How to Get a Sugar Rush
Sugar rushes are the feeling you get when you consume a lot of sugar, which gives you a large amount of short-term energy as your body burns through the simple carbohydrates that sugar is made up of. While a sugar rush feels good for a short amount of time, your body does need to balance its energy books. Your body's energy supply is like a bank account: If you have $100, you can spend $1 a day for three months or so, or you can spend it all at once and be broke tomorrow. A sugar rush leaves you without any money — or energy — in the bank. When you eat a lot of sugar and burn a lot of energy, you'll find yourself cranky, lethargic and generally feeling less energetic soon afterwards.
Find a sugary snack. For best results, find something with a large amount of sugar in relation to its size. This means that you should avoid natural sugars and choose processed sugars instead, because there is much more sugar in the average chocolate bar than in a piece of fresh fruit.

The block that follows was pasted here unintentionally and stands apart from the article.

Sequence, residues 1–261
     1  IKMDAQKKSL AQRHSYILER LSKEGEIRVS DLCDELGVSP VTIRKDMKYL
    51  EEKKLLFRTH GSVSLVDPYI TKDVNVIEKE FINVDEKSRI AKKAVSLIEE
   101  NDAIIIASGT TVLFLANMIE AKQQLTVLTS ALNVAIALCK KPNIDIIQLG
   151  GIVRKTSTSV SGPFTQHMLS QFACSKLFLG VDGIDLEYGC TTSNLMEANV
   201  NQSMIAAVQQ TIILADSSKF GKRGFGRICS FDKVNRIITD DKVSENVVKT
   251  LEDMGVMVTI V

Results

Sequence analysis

Exercises for an Anal Fissure
Eat your sugary snack. The more you eat, the more pronounced your sugar rush will be — and the worse you will feel afterwards.
Prepare yourself for the sugar low by completing any important tasks while you are still experiencing the sugar rush.
Avoid doing this too often, as it is not very healthy. Excess sugar consumption can lead to obesity and diabetes, among other things.
Exercises for an Anal Fissure
How to Remove Sugar From Your System
How to Get Sugar Out of Your Body
Signs & Symptoms of a Sugar Overdose
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How Does Glucose Move into a Cell?
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Symptoms of a Sugar Allergy
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- U.S. Department of Agriculture. Cut Down on Added Sugars. 2016.
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- American Dental Association. American Dental Association Encouraged by Soda Makers’ Pledge to Promote Smaller Sizes, Less Sugar. 2014.
- U.S. Department of Health and Human Services and U.S. Department of Agriculture. 2015–2020 Dietary Guidelines for Americans. 8th Edition. 2015.
- Avoid doing this too often, as it is not very healthy. Excess sugar consumption can lead to obesity and diabetes, among other things.
Sam Grover began writing in 2005, also having worked as a behavior therapist and teacher. His work has appeared in New Zealand publications "Critic" and "Logic," where he covered political and educational issues. Grover graduated from the University of Otago with a Bachelor of Arts in history.